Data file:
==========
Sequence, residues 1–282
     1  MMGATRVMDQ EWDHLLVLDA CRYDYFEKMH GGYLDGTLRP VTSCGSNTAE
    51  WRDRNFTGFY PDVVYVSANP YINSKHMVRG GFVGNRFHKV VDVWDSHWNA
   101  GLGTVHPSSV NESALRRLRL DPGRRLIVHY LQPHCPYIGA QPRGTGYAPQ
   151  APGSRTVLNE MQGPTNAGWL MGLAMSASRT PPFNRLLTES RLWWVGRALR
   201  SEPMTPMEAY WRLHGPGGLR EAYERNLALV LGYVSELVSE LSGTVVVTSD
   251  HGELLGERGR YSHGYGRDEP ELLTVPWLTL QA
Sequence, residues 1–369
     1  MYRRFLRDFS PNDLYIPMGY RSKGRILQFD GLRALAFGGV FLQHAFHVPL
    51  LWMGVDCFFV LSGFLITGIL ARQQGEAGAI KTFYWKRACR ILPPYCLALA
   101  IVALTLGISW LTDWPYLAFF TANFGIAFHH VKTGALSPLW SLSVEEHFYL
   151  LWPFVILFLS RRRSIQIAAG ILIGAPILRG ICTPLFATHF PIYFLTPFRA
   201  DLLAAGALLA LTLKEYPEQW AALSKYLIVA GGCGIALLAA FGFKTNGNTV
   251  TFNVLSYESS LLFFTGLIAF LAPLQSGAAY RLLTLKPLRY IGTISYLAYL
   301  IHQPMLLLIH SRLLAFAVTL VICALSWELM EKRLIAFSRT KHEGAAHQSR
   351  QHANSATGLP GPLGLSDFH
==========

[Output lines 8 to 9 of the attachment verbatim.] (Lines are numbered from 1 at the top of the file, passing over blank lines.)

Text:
Sequence, residues 1–369
     1  MYRRFLRDFS PNDLYIPMGY RSKGRILQFD GLRALAFGGV FLQHAFHVPL